Cohort 1

At the time of the last study visit prior to 11 June 2020, the 14 treated patients with 2 copies of SMN2 had a median age of 15.6 months (range: 8.8 to 18.8 months) and had been in the study for amedian of 14.9months (range: 8.0 to 18.4 months). All patients were alive and free of permanent ventilation as of their last study visit prior to 11 June 2020.

Elevan patients achieved independent sitting for at least 30 seconds, at ages ranging from 5.7 to 11.8 months, with 10 of the 11 patients achieving independent sitting at or before 9.2 months of age, the 99th percentile for development of this milestone. Four patients achieved the milestone of walking alone (28.6%). Thirteen patients (92.9%) achieved a CHOP-INTEND score ≥ 58 as of the 11 June 2020 data cut-off.

Cohort 2

At the time of the last study visit prior to 11 June 2020, the 15 treated patients with 3 copies of SMN2 had a median age of 15.2 months (range: 3.3 to 21.1 months) and had been in the study for a median of 14.5 months (range: 2.0 to 19.9 months). All patients were alive and free of permanent ventilation as of their last study visit prior to 11 June 2020.

Thirteen of 15 patients were able to sit without support for at least 30 seconds, 8 patients were able to stand alone without support for at least 3 seconds, and 6 patients were able to walk at least five steps independently.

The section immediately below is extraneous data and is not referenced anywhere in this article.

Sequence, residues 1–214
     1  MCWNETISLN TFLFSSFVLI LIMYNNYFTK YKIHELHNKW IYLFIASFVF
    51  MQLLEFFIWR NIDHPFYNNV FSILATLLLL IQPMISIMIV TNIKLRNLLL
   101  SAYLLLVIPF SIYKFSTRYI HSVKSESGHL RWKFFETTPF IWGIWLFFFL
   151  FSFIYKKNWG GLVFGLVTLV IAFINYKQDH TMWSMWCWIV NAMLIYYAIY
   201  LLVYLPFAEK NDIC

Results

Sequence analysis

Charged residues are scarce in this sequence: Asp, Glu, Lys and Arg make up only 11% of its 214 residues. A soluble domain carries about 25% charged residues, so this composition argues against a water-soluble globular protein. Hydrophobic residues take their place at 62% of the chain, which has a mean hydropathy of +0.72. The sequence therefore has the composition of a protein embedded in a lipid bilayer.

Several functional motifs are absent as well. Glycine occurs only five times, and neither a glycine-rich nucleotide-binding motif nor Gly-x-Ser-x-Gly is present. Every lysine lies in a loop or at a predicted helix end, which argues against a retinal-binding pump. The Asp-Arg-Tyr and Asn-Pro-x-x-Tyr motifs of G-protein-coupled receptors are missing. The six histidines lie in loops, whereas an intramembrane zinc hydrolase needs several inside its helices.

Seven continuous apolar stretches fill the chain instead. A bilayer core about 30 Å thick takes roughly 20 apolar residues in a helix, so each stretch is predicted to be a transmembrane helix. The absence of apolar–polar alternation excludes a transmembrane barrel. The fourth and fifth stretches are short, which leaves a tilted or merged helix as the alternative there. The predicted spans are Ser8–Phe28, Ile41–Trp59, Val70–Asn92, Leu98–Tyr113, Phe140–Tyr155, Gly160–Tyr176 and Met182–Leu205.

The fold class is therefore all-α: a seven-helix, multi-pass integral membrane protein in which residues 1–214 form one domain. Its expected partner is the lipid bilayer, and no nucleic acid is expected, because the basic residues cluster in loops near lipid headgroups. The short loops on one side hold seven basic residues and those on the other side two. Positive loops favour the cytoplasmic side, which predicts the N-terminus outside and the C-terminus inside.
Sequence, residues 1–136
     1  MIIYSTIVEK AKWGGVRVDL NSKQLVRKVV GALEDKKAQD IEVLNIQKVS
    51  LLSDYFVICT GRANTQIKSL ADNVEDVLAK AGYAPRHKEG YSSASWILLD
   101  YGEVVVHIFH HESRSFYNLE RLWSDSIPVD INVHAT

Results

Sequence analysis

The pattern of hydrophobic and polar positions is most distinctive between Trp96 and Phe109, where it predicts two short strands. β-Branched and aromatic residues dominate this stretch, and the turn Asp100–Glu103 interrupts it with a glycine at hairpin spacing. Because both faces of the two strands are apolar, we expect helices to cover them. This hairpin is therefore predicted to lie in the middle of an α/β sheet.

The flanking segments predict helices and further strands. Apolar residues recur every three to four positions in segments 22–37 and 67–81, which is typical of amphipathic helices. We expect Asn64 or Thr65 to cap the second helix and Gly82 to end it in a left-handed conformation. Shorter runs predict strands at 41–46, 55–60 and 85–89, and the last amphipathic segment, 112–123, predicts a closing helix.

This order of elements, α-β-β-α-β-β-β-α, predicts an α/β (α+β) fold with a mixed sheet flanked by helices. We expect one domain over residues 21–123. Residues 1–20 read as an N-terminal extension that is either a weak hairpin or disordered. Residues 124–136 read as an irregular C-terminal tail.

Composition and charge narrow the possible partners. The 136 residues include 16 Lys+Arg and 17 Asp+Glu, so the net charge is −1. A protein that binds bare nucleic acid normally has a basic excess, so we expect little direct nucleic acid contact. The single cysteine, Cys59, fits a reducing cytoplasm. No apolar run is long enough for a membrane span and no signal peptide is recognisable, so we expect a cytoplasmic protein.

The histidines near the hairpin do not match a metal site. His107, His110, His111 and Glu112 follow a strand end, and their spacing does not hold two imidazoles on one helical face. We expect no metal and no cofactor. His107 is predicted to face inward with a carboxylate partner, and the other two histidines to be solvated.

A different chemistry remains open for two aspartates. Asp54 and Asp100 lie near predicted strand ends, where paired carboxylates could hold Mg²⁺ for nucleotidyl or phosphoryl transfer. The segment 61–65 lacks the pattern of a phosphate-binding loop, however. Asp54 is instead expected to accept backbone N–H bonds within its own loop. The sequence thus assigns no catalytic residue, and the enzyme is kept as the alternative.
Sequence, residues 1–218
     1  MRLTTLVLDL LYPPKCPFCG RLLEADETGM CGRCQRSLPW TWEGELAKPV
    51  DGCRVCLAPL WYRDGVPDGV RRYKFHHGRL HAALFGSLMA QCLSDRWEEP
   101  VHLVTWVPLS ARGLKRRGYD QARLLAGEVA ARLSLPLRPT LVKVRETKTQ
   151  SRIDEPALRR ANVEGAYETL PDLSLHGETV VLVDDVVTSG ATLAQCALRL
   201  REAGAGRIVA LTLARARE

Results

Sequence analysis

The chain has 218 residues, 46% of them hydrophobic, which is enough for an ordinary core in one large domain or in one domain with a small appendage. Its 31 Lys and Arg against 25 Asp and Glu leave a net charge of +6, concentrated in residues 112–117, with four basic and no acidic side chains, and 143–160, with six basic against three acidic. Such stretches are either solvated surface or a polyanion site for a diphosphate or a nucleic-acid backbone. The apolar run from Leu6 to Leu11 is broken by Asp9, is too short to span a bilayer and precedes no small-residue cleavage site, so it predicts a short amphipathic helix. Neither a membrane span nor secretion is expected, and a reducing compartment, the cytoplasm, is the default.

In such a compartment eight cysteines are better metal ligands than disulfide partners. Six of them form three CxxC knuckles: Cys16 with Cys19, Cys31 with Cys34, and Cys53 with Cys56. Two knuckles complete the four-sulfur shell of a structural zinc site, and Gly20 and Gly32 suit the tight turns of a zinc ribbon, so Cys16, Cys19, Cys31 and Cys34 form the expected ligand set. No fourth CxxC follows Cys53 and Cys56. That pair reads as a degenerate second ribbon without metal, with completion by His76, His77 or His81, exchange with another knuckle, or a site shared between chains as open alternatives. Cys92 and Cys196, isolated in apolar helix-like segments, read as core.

At the time of the 11 June 2020 data cut-off, patients with 3 copies of SMN2 who have not yet achieved the Cohort 2 primary endpoint developmental milestone of standing alone without support for at least 3 seconds were 3.3 to 16.4 months of age as of the last attended visit. Based on the age at the time of the last attended visit, these patients remain within the normal age development window for these milestones. Due to the large heterogeneity in clinical presentation of patients with 3 SMN2 copies, no definitive conclusions about the benefit in this patient population can be drawn based on the interim follow-up data.

Onasemnogene abeparvovec has not been studied in patients with a bi-allelic mutation of the SMN1 gene and only one copy of SMN2 in clinical studies.

This medicinal product has been authorised under a so-called 'conditional approval' scheme. This means that further evidence on this medicinal product is awaited. The European Medicines Agency will review new information on this medicinal product at least every year and this SmPC will be updated as necessary.

The licensing authority has deferred the obligation to submit the results of studies with onasemnogene abeparvovec in one or more subsets of the paediatric population in spinal muscular atrophy for the granted indication (see section 4.2 for information on paediatric use).

5.2 Pharmacokinetic properties

Onasemnogene abeparvovec vector shedding studies, which assess the amount of vector eliminated from the body through saliva, urine and faeces were performed.

Onasemnogene abeparvovec was detectable in shedding samples post-infusion. Clearance of onasemnogene abeparvovec was primarily via faeces and the majority is cleared within 30 days after dose administration.

Biodistribution was evaluated in 2 patients who died 5.7 months and 1.7 months, respectively, after infusion of onasemnogene abeparvovec at the dose of 1.1 x 1014 vg/kg. Both cases showed that the highest levels of vector DNA were found in the liver. Vector DNA was also detected in the spleen, heart, pancreas, inguinal lymph node, skeletal muscles, peripheral nerves, kidney, lung, intestines, gonads, spinal cord, brain, and thymus. Immunostaining for SMN protein showed generalized SMN expression in spinal motor neurons, neuronal and glial cells of the brain, and in the heart, liver, skeletal muscles, and other tissues evaluated.

5.3 Preclinical safety data